RAOUL PAL: It is layering on financial services layer to the existing store of money layer is the next phase. You said transfer of money in and out, that is the first thing. Storing is the next, and then there is all the other things we do with money such as– TYLER WINKLEVOSS: Yes. Like okay, you can buy, sell Bitcoin, you can store your Bitcoin, your ether, but generally speaking, your equities activities happen outside of crypto. Also, could you trade a share of Apple? Basically, Gemini is a one-stop shop in all assets.
Bitcoin is gold on the blockchain, ether is like digital oil, but every asset in the future is going to be on a blockchain. Equities we are already seeing this with non-fungible tokens, digital art, and collectibles. We have a platform for that called Nifty Gateway. All these things that are assets like the comic books you grew up reading, the baseball cards you collected, those are now being put on a blockchain because everybody realizes, or people are starting to realize the physical nature of it is actually not a feature, it is a bug. It is not about the physical nature of it. It is the scarcity. It is the uniqueness. All of these assets are going to move on to blockchains, and Gemini is your one-stop platform to do whatever it is you want to do, whether it is you want to issue, sell, turn.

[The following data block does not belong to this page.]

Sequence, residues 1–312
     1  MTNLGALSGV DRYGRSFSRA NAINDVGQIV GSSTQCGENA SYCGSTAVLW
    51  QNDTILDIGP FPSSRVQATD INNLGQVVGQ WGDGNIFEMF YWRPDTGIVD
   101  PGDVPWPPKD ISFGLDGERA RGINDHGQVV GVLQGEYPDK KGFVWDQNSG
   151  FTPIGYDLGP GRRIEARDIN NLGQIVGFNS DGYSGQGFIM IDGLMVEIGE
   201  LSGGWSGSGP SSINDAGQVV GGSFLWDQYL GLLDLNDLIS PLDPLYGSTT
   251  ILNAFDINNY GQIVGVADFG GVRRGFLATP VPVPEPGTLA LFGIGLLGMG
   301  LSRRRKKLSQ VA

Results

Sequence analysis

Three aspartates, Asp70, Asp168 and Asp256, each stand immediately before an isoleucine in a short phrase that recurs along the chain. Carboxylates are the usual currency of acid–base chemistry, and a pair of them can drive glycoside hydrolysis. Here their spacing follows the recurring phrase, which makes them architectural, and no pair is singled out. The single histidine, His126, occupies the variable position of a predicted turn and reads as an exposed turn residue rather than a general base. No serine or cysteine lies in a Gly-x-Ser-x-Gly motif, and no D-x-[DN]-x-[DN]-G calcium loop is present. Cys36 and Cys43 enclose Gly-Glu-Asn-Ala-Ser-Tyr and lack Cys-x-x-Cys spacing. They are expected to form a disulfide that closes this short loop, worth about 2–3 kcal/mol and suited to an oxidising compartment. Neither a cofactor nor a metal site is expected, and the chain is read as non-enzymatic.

RAOUL PAL: How far away are we from the tokenization of everything from IP rights to social media styles through to physical property? How far are we from it? We know it is coming, but it feels like it is a heavy slog to make much progress. CAMERON WINKLEVOSS: That is a good question. Yes, it does feel like a bit of a slog, and that there is going to be other things like DeFi which is decentralized finance, which is all these financial services being rebuilt permissionless on the Ethereum blockchain, so you can go post-collateral and borrow or lend or trade in these decentralized exchanges. That has been exploding over the past six or so months. RAOUL PAL: And imploding as well. It is doing the classic early phase– CAMERON WINKLEVOSS: Exactly. It fits and starts a little bit, and some projects are taking off and others not doing so well. It is this Cambrian explosion of new ideas and financial services reimagined in a permissionless fashion. That is really exciting to see, that unbundling and attacking a lot of these centralized things that exists in the legacy financial world. In terms of artists’ rights, for example, I am not really sure.